Indian economy: Booming no more

Updated: Jun 08, 2012, 18:04 PM IST

Akrita Reyar

The Indian government seems to have suddenly woken up to the reality of the health of the economy having deteriorated to the point of needing a doctor. A seven-point agenda has been drawn up to give exports a 20% push and narrow the ever widening deficit.

The annual supplement of the 5-year foreign trade policy also bundles in a slew of tax sops on imported inputs to encourage production of goods meant for exports and emphasises on the continuation of some subsidies for the sector.

Commerce Ministry Anand Sharma has further assured that the government is looking to revamp Special Economic Zones and Export Oriented Unit schemes to boost shipments.

"These measures will infuse necessary confidence in the exporting community and provide required dynamism even in this gloomy time," Sharma said.

Why have gloomy times come upon us in the first place?

India’s last quarter results were the worst in nine years. The March quarter ended at 5.3 percent, much lower than the six plus projection. India’s Q4 figures were lower than even those of Philippines (6.4%) and Indonesia (6.3%), besides, of course, China.

The 2011-12 fiscal ended with growth at 6.5%, lower than 8% or above figures in the previous two financials. While Asian economies have also slowed down, China is still keeping its head over 8%.

One reason for alarm is the fact that India had performed better than this even in the 2008-09 Recession year, growing at 6.7%. No wonder the RBI, which had expected at least 6.9% rate of growth, was taken by surprise.

While the decline is more or less pervasive, Industry’s sorry show of just 2.5% growth as compared to its previous 7.6% jump is a particular concern area. (Indian Industrial Production figures of 0.6% in Q1 may have been a strong reason for the lower overall yearly growth.)

The Finance Minister Pranab Mukherjee admitted, "GDP growth is the lowest in contemporary period. It has been substantially because of the very poor performance of manufacturing sector."
The PM’s economic advisor C Rangarajan also opined that Industry would play a key role in deciding the fate of the current fiscal.

Considering the slide, it nearly seems that UPA sleepwalked into the crisis and has only been woken by alarm bells in the form of downgraded ratings and projections by international agencies; and also the slipping Rupee.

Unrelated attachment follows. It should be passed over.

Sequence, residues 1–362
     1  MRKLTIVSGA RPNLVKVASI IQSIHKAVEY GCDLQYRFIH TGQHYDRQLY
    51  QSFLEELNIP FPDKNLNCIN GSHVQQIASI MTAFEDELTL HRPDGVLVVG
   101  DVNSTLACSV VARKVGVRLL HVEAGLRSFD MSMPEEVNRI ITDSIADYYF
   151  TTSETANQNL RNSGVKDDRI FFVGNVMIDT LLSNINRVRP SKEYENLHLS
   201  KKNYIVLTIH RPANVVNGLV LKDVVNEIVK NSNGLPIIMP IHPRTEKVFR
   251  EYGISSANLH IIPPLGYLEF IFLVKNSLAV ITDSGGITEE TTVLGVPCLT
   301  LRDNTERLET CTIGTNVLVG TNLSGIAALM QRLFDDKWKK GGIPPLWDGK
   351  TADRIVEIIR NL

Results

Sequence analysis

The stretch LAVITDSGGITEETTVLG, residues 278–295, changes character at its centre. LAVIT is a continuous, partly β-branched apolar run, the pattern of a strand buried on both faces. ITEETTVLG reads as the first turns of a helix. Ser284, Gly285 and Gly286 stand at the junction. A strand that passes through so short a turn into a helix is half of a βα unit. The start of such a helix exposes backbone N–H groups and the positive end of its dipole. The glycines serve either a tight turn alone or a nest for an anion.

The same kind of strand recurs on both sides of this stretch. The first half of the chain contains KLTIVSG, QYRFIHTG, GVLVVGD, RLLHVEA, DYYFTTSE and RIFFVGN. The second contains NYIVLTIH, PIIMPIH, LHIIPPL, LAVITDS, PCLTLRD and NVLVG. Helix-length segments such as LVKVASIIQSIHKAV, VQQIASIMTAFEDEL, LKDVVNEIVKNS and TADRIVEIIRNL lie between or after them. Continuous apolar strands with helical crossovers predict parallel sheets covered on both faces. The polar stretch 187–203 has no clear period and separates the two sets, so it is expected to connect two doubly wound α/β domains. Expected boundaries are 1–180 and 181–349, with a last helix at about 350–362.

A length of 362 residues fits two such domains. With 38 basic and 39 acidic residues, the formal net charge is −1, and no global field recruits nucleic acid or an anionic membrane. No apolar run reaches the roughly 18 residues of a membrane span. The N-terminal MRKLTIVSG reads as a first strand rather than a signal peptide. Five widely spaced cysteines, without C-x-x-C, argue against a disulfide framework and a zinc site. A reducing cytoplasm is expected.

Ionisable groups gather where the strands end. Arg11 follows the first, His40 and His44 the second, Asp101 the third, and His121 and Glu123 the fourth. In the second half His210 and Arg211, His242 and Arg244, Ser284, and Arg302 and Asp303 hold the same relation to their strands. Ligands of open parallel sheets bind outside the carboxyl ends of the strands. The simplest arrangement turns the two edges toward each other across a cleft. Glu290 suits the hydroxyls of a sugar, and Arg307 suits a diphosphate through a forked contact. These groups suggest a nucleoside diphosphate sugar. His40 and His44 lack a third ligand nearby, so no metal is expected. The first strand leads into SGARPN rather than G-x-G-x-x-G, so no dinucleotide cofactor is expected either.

Morgan Stanley, for example, cut its growth forecast for India by citing a “bad growth mix”, which meant that high consumption was paired with an enlarged deficit. The Bank added that elevated rates had resulted in a decline in private investments, which was "not sustainable".

Was the UPA too comfortable in the belief that India would continue to do well, just because it has been doing so – through the US mortgage crisis and the Eurozone predicament?

As per HSBC economist Leif Eskesen, growth has been constrained due to three main factors.

First, there has been a lax monetary tightening. Year after year, we hear about promises to contain deficit only to learn in the Budget speech that those promises were meant to be broken.

However compelling the reasons, this is one area where the government would have to crack the whip.

Second, and undoubtedly, the international meltdown and the subsequent degrowth or anemic growth rates of Western economies have had a spillover effect on the domestic sentiment.

Exports get hit on weak global demand.

Thirdly, and most importantly, the persistence dilly-dallying of government on policy is sending out a negative message like no other.

The Government is trying to look pro-active, but failing. The Prime Minister at an economic meeting held this week unveiled a raft of projects that aim at USD 1 trillion investments in infrastructure over the next 5 years.

But simultaneously, the Pension reform proposal that was taken off the shelf, dusted and presented for perusal was unceremoniously deferred owing to “differences”! As usual, some coalition partners could not be brought on board.

While HSBC’s Esken is reasonably confident of continued domestic consumption, he is more doubtful about investments. An area precisely that Indian businessmen have been alluding to while voicing apprehensions.

The HSBC report says: "To lift growth more notably, going ahead, India needs more traction on deep supply side reforms, which will lift potential growth over the medium term. This will also help lift growth in the short term by improving sentiments and, thereby, the private investment cycle."

A falling Rupee is not helping either – and is infact a bit of a catch 22, with the currency weakness being an outcome of poor fiscal management. A weaker Rupee in turn drives inflation up and, thus, discontentment among the prized electorate.

The Indian economy is currently on a wing and a prayer. Solid, decisive and unwavering measures are needed to make it soar again. If hard decisions are needed, then the government must have the courage to bite the bullet. It may displease some and provoke them to vote against a hattrick for the UPA. Still, the government will have an outside chance.

But if the government does nothing except twiddling its thumbs, there is no doubt that it would be booted out. 2014 is not that far.